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Opening up Medicine Doctors and Leadership 2.0

For quite some time, medical expertise alone has no longer been enough for doctors to provide top-quality care. Medical Leadership 2.0, or ML 2.0, is a new and comprehensive concept that will help physicians contribute in meaningful ways to the current far-reaching changes in healthcare. Physician and UT PhD candidate Wouter Keijser explains: “Medical professionals are preparing for large-scale changes in healthcare. In my dissertation I provide strategic tools for policymakers and healthcare administrators to support medical professionals in this process. The thesis also includes guidelines for medical leadership training and coaching programmes that will allow doctors to make even more meaningful contributions to the mission and culture of the organisations and regions in which they practice.” 

In his dissertation, Keijser has incorporated an example of how a training and coaching programme could result in a significant practical improvement of the organisational culture and patient safety in a cardiac surgery department. Keijser continues: “Changes and the potential leadership role that doctors could play in the 21st century require certain non-clinical competences that they would need and want to add to their repertoire, for example in the area of teamwork, cooperation in networks, healthcare innovation and improvement, but also contributions to social issues. The ability to self-reflect and the acquisition of soft skills are already benefiting medical doctors on a personal level, but these new skills can help them contribute to improved team cohesion and greater innovative capacity within healthcare organisations and the entire region. These improvements will ultimately lead to great benefits for patients.” 

Medical Leadership 2.0

Keijser explains that research has shown that ML 2.0 is mainly about cooperation skills. Many doctors are already using their clinical expertise to increasingly work in efficient and co-creative ways with colleagues and non-medical professionals to improve healthcare processes and boost innovation. Medical leadership creates more focus and motivation, so physicians are able to manoeuvre between shared leadership, cooperative leadership and leadership with a focus on co-creativity. Doctors should not feel discouraged by the efforts associated with becoming more skilled in these areas, because medical leadership programmes – provided these are well-prepared and properly taught – will ultimately save them time and result in other benefits as well.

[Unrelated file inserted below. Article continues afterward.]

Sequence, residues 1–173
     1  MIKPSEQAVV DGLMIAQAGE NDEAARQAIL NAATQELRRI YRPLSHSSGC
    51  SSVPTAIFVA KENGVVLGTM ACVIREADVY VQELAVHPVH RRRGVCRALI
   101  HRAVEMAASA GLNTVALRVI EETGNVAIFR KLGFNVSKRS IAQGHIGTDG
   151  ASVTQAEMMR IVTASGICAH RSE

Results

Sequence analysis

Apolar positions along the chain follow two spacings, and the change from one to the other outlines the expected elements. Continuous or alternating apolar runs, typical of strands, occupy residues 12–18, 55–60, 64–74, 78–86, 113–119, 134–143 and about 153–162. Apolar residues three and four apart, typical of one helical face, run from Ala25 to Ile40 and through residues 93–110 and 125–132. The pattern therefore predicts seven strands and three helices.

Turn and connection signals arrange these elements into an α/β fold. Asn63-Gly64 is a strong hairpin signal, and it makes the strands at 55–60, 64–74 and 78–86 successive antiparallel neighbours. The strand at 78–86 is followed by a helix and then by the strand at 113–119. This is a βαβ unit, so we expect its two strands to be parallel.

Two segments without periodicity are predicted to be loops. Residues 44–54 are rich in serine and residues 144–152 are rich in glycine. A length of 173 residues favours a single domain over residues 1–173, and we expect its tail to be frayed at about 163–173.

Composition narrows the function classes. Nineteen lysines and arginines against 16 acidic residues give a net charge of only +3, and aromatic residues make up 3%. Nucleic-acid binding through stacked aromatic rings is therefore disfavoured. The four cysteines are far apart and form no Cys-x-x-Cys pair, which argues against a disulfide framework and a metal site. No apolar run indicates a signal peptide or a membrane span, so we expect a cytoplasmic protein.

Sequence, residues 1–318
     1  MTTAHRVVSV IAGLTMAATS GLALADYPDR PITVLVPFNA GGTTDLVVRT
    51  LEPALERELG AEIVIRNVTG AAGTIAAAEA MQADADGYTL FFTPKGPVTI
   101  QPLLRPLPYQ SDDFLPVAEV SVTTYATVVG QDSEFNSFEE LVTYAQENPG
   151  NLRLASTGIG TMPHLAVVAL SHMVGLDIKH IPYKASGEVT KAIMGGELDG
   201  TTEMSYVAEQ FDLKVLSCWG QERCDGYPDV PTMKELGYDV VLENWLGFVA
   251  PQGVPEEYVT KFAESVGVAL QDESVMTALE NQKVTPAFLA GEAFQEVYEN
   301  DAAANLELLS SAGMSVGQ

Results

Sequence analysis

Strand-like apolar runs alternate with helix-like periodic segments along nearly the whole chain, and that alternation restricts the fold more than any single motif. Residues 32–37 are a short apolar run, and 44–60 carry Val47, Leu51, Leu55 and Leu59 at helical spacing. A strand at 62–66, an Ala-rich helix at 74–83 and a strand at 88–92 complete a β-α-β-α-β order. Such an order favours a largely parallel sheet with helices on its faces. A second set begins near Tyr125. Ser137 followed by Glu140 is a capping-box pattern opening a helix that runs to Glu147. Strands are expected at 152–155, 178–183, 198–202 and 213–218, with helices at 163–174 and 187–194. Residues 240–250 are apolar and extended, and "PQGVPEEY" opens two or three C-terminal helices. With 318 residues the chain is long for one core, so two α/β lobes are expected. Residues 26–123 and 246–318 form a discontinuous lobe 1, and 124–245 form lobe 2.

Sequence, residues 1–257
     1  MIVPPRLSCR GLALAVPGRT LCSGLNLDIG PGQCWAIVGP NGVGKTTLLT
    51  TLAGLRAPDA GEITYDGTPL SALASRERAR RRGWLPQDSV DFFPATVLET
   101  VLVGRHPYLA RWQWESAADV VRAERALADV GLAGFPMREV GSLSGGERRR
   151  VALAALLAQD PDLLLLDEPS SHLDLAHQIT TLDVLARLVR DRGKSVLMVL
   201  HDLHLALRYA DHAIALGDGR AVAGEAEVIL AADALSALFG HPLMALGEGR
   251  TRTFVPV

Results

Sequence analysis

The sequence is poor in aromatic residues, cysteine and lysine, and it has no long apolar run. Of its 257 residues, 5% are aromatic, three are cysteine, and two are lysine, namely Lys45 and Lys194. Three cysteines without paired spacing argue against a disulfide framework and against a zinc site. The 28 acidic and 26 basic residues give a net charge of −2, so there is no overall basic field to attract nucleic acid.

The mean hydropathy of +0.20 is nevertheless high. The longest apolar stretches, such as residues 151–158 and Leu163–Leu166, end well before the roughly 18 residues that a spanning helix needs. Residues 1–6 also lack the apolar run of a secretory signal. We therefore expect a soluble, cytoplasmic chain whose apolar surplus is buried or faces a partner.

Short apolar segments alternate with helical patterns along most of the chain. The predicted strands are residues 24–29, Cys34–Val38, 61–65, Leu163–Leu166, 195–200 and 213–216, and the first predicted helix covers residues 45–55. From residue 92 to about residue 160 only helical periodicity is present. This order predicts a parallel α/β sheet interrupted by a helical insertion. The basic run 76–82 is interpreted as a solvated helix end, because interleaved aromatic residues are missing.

Starting points for policymakers

Keijser argues that this study into expanding the non-medical aspects of the identity of doctors also provides managers, administrators and supervisors with useful starting points to consider how best to facilitate their medical staff and contribute to the transformation of and between healthcare organisations.

International embedding

The Medical Leadership Competences Framework created by Keijser c.s. in cooperation with the Royal Dutch Medical Association, the Medical Leadership Platform foundation and the Change Management & Organisational Behaviour department at the University of Twente, is now also properly embedded in the international development of ML 2.0, and in Keijser’s dissertation.

About Wouter Keijser

Early on in his medical training and later on, while working on eHealth development and governance in healthcare, Wouter Keijser (born 1967) wondered about typical interprofessional behaviours and customs, in particular relating the role of medical doctors. For the purpose of quality improvement in healthcare, innovation, interdisciplinary teamwork and effective organisational cultures in practice, the research question in his dissertation is the following: How (if possible) can medical leadership contribute to the transformation of healthcare? Wouter Keijser is a PhD candidate at the department of Change Management & Organisational Behaviour, Faculty of Behavioural, Management and Social Sciences. He will be awarded his PhD on 13 December at 10.30 at the University of Twente’s Waaier 4 building. His PhD supervisor is Professor dr. C.P.M. Wilderom. Keijser is a part-time lecturer and researcher at the University of Twente (teaching the BSc Honours Programme among others) and also works as an executive coach and strategic advisor for healthcare organisations, partnerships and government organisations both in the Netherlands and abroad.